The anthology film concept isn't all that popular in China (yet), but Zai Shijie De Zhongxin Huhuan Ai [Run for Love] might give it a fair little boost. When three of China's biggest directorial talents (Qunshu Gao, Hu Guan, Yibai Zhang) were coupled with two up and coming directors (Hua-Tao Teng, Meng Zhang) and were asked to each direct a short about a couple in a foreign country, there was very little that could go wrong. And so it happened.
I guess you could say Run for Love is the spiritual successor of About Love, a somewhat recent Pan-Asian anthology project showcasing three Asian (Japanese, Chinese, Taiwanese) directors all doing a local love story. Even though this film shares a strong thematic connection (and a director, Yibai Zhang is part of both projects) with About Love, the concept was turned on its head. This time around five Chinese directors set out to direct a love story in a foreign setting.
The film opens with Yibai Zhang's segment, a small but endearing love story set in Otaru (Hokkaido) Japan. Otaru in winter is the ideal setting for a cozy, cuddly romance and Zhang is the ideal director to pull it off without things becoming too tacky or sentimental. Eddie Peng and Ziyi Zhang (didn't even recognize her at first) make for a nice couple, the setting does the rest. There's a small twist near the end that's a little predictable, but it hardly takes away from what's basically a sweet and warmhearted introduction to the anthology. 4.0*/5.0*
Second in line is Hu Guan's segment, set in Istanbul, Turkey. It's a much livelier short about an older couple visiting the city with their daughter. While they're wrapped up in one of their fights, the young girl wanders off and joins a group of Turkish kids. What follows is a search that will hopefully reunite both groups. It's a colorful and fun film, though the contrast between both parties (the fearful and quarrelling parents vs fearless and carefree kids) is a bit divisive. The thematic density is rather high too, luckily Guan still manages to keep it light and vibrant. 4.0*/5.0*
When China is doing an anthology with each short set in a different country, there's no way the USA would be skipped. Meng Zhang's film isn't the most topically daring either, with a road trip from east to west following route 66. But the beautiful cinematography coupled with a great central duo royally make up for the somewhat tepid premise. Wang Qianyuan does a solid job, though it's Wu Mochou who ends up being the biggest discovery of this entire anthology, successfully ridding herself of her rusty pop idol image. Not the most original entry in the anthology, but a damn effective one. 4.0*/5.0*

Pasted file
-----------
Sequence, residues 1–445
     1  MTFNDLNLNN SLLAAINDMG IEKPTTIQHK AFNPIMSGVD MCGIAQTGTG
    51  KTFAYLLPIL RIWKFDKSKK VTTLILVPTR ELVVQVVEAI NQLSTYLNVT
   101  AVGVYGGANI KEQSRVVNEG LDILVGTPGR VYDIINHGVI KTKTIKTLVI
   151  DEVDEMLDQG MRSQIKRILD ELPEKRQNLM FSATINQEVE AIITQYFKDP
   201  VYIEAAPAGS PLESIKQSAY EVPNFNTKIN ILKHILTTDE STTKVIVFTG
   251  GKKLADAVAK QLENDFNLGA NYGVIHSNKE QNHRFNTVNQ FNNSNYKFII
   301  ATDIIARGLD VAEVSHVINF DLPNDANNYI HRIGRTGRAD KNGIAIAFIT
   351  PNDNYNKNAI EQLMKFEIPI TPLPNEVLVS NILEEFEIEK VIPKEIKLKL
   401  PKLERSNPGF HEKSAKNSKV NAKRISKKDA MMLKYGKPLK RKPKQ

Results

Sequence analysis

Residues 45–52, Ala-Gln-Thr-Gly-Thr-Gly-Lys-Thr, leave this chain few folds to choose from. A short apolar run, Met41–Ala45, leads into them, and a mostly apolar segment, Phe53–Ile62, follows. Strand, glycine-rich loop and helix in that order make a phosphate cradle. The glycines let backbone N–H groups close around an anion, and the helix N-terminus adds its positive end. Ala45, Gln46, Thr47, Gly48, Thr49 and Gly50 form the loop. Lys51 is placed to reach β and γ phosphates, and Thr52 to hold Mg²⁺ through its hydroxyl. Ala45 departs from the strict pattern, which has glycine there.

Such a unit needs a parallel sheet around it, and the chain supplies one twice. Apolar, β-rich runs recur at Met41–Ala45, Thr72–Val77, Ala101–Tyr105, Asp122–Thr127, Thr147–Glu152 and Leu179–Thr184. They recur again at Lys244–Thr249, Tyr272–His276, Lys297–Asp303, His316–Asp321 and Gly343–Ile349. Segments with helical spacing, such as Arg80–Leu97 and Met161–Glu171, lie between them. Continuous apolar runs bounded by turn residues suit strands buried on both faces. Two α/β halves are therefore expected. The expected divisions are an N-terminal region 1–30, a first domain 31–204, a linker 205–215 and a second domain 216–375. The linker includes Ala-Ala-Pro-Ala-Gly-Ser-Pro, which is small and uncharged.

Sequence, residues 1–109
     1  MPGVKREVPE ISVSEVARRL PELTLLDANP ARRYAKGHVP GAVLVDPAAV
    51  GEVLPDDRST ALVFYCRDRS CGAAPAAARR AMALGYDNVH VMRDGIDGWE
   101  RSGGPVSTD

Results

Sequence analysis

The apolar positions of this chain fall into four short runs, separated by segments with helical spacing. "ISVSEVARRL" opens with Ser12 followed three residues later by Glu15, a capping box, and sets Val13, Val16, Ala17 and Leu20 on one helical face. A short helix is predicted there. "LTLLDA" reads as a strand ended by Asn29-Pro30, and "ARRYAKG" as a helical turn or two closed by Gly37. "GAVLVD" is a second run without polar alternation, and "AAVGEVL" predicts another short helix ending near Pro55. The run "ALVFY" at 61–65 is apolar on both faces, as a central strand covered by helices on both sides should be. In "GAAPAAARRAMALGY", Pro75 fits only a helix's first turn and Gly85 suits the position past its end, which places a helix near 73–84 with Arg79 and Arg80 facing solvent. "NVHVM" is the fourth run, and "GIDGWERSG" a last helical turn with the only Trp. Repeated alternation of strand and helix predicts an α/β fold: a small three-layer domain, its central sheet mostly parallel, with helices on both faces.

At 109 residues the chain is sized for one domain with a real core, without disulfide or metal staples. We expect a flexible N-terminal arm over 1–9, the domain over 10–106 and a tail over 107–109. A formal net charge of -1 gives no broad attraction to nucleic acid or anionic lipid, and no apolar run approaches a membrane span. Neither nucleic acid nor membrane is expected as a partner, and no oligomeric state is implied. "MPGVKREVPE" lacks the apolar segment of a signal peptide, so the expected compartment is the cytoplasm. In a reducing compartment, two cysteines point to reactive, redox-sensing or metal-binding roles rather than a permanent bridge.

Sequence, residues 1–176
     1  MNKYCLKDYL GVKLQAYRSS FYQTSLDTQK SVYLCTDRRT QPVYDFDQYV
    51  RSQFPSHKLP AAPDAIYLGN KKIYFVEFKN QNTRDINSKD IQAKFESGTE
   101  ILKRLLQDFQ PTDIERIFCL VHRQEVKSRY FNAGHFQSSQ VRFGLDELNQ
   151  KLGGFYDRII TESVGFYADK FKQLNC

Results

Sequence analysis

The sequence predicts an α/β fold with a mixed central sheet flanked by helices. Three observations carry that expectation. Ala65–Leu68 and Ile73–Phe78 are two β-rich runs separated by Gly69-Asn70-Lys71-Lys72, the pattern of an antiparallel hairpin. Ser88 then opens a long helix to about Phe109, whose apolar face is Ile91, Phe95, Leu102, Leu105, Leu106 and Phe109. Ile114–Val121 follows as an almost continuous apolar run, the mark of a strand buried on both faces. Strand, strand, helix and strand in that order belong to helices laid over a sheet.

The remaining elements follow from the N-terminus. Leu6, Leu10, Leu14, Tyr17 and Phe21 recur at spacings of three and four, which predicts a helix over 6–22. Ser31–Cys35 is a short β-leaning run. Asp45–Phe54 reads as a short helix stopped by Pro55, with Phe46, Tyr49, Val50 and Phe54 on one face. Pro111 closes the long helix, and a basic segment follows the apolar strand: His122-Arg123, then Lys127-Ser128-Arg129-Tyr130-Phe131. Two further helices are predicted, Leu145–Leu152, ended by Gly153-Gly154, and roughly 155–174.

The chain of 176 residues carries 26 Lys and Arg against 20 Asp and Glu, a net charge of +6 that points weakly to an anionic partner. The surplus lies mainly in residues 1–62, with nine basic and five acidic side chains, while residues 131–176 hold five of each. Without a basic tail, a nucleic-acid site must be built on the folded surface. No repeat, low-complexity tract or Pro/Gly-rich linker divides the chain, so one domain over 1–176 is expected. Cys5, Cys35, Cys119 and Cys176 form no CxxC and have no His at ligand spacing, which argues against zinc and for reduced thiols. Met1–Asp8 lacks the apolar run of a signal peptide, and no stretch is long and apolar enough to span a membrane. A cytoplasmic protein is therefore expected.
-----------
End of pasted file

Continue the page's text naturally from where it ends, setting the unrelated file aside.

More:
Hua-Tao Teng's short is the exact opposite. Set in Norway and sporting a rather novel premise, the film itself feels a little dim and lifeless. Michelle Chen plays a Chinese nurse traveling to Norway to work in an elderly home. The home is in a valley, the surrounding mountains blocking the sun all winter. When Chen's favorite patient's health is quickly declining, Chen's Norwegian suitor comes up with a plan to make life a little better for the folks in the village. While an okay idea and tastefully shot, the fact that everybody talks English (even the Norwegian characters amongst each other) is weird and the central romance is a little stale, with too much attention going to the plot rather than the relationship of both protagonists. It's not a bad short, but surely the worst of the bunch. 3.0*/5.0*
The biggest surprise is kept for last, though those in the know should foster at least some expectations when they see Qunshu Gao listed as director. The final short is set in Saipan and features a high-concept plot about two competing lovers meeting up after the dead of their shared romantic interest. Saipan makes for a stunning setting and the sharp, more abstract styling of the short is a nice change of pace for the anthology. Zhou Dongyu and Tong Liya do a great job and the short's finale is one that lingers. No doubt my favorite short of the five. 4.5*/5.0*
Gao's entry is essential as it adds some necessary edge to this anthology. The first three shorts are nice and effective, but they play it rather safe (whereas this platform is ideal for a little experimentation). Overall Run for Love is a great film though and a solid introduction for those interested in Chinese (romance) cinema. There are no weak shorts, one exceptional piece and enough variation to breeze through its 140 minutes running time. Finding it will probably be the toughest challenge.